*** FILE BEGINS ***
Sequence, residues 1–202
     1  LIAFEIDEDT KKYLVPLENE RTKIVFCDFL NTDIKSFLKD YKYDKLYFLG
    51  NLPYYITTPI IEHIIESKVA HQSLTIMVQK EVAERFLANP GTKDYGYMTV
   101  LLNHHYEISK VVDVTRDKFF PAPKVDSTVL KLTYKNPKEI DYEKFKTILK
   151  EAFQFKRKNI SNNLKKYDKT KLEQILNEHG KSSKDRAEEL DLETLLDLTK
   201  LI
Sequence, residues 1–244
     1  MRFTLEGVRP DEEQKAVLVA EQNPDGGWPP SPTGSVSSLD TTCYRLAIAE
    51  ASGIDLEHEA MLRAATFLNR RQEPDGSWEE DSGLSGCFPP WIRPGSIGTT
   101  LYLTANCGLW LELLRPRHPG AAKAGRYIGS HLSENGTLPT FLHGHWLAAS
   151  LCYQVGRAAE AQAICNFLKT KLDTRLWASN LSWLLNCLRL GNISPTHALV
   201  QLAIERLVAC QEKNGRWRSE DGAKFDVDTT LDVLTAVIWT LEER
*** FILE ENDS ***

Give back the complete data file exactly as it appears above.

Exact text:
Sequence, residues 1–202
     1  LIAFEIDEDT KKYLVPLENE RTKIVFCDFL NTDIKSFLKD YKYDKLYFLG
    51  NLPYYITTPI IEHIIESKVA HQSLTIMVQK EVAERFLANP GTKDYGYMTV
   101  LLNHHYEISK VVDVTRDKFF PAPKVDSTVL KLTYKNPKEI DYEKFKTILK
   151  EAFQFKRKNI SNNLKKYDKT KLEQILNEHG KSSKDRAEEL DLETLLDLTK
   201  LI
Sequence, residues 1–244
     1  MRFTLEGVRP DEEQKAVLVA EQNPDGGWPP SPTGSVSSLD TTCYRLAIAE
    51  ASGIDLEHEA MLRAATFLNR RQEPDGSWEE DSGLSGCFPP WIRPGSIGTT
   101  LYLTANCGLW LELLRPRHPG AAKAGRYIGS HLSENGTLPT FLHGHWLAAS
   151  LCYQVGRAAE AQAICNFLKT KLDTRLWASN LSWLLNCLRL GNISPTHALV
   201  QLAIERLVAC QEKNGRWRSE DGAKFDVDTT LDVLTAVIWT LEER